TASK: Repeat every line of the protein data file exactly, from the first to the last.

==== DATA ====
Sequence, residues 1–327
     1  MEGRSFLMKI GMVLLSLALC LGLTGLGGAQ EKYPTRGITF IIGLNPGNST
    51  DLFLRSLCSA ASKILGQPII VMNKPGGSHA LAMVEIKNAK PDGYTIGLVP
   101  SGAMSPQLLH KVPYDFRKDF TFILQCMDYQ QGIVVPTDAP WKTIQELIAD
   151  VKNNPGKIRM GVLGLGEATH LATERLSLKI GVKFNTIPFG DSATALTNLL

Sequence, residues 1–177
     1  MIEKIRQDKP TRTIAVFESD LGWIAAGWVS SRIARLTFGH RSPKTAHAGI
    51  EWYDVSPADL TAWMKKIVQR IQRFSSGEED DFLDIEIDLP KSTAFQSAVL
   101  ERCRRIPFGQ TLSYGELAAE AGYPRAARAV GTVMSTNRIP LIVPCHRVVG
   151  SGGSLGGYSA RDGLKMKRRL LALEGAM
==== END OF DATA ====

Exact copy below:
Sequence, residues 1–327
     1  MEGRSFLMKI GMVLLSLALC LGLTGLGGAQ EKYPTRGITF IIGLNPGNST
    51  DLFLRSLCSA ASKILGQPII VMNKPGGSHA LAMVEIKNAK PDGYTIGLVP
   101  SGAMSPQLLH KVPYDFRKDF TFILQCMDYQ QGIVVPTDAP WKTIQELIAD
   151  VKNNPGKIRM GVLGLGEATH LATERLSLKI GVKFNTIPFG DSATALTNLL

Sequence, residues 1–177
     1  MIEKIRQDKP TRTIAVFESD LGWIAAGWVS SRIARLTFGH RSPKTAHAGI
    51  EWYDVSPADL TAWMKKIVQR IQRFSSGEED DFLDIEIDLP KSTAFQSAVL
   101  ERCRRIPFGQ TLSYGELAAE AGYPRAARAV GTVMSTNRIP LIVPCHRVVG
   151  SGGSLGGYSA RDGLKMKRRL LALEGAM